InquisitorJL wrote:
MoonRightRomantic wrote:During research on English spelling reform (in short: main barrier is vowels, rhotics and voicing in different dialects) I have come to the conclusion that English is at least partially logographic and will only become more so as time passes.

Am I right to conclude this? Is English really logographic rather than alphabetic?
You say you have come to the conclusion already. Instead of asking is this right I'd be interested to hear why you think this is right. People can disagree with you at a face level but I think the interesting bit here is your reasoning.
The spelling "rules" are so complex and inconsistent that the pronunciation and meaning of written words is learned mainly through rote.
The rules are pretty plain and simple. Pronunciation and meaning of written words is not learned through rote.
You'll observe this if you watch someone learning to write. In the UK at least, we now use an extremely phonetically based method for teaching reading. I have a 6-year-old relative, and if there's a word she doesn't know, or doesn't know the spelling of, she can work it out from the letters probably more than 90% of the time, once a small number of common irregular words are out of the way.
Of course, her accuracy would drop slightly if the things she read had a lot more loanwords or technical vocabulary, but for basic vocabulary it's mostly predictable. And of course her accuracy with extended vocabulary could be improved by learning what Greek and Latin words look like, and learning to spot morpheme boundaries, both of which are pretty easy tasks if you're not six.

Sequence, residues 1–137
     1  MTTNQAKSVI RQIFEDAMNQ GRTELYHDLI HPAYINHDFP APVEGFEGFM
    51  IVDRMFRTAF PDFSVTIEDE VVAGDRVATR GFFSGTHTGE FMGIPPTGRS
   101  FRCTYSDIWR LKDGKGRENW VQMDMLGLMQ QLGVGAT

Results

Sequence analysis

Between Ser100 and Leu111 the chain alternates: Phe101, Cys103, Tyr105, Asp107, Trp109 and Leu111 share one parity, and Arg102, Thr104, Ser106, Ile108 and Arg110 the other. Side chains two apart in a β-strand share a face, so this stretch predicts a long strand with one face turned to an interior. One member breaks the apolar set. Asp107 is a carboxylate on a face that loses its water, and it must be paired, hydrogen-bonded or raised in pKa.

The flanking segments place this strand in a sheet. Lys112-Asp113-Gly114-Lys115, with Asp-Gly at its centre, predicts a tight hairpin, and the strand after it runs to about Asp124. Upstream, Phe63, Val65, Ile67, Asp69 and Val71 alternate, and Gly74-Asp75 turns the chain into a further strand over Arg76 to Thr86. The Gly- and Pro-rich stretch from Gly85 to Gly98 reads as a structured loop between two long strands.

The gap between the phonetic component of the writing and the pronunciation continues to grow until eventually there is no correspondence: true logograms.
Eventually, yes. But a long, long time in the future, and even then it won't be logographic in the sense we usually mean.
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Re: Is English a logographic writing system?

Post by clawgrip » Tue 23 Feb 2016, 23:56

Salmoneus wrote:Eventually, yes. But a long, long time in the future, and even then it won't be logographic in the sense we usually mean.
I guess it's been said before, but no matter how far in the future we go, English spelling will remain at its core phonetic and not logographic, because the only correspondences between various words will be phonetic, not logographic. No matter how far English pronunciation drifts from the spelling, words like water, tide, sink, pour etc. still won't have any shared semantic element, while words like sink and stink and shrink will still have shared phonetic elements that should at least somewhat match the spoken language.
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Re: Is English a logographic writing system?

Post by KaiTheHomoSapien » Wed 24 Feb 2016, 00:36

sangi39 wrote: I kind of mentioned that with German and Spanish. I'd somehow forgotten about Finnish. Would have been a much better example.
Right. I think what you mentioned about spelling something from sound is what I had in mind: if you provide a nonsense English-sounding phrase like /'feɪli/, there are a number of ways it could be spelled: faly, faley, failee, failey, faily, etc. You can narrow down alternate spellings through knowledge of etymology, roots, and patterns, but even then it might not narrow it down completely. Whereas in a language like Finnish, if you're given a nonsense phrase like /ko:nal:en/, it really can't be spelled any way other than <koonallen> given Finnish orthographical conventions. There's like one possible spelling for each possible sound sequence in Finnish--whereas English is on the opposite of that scale.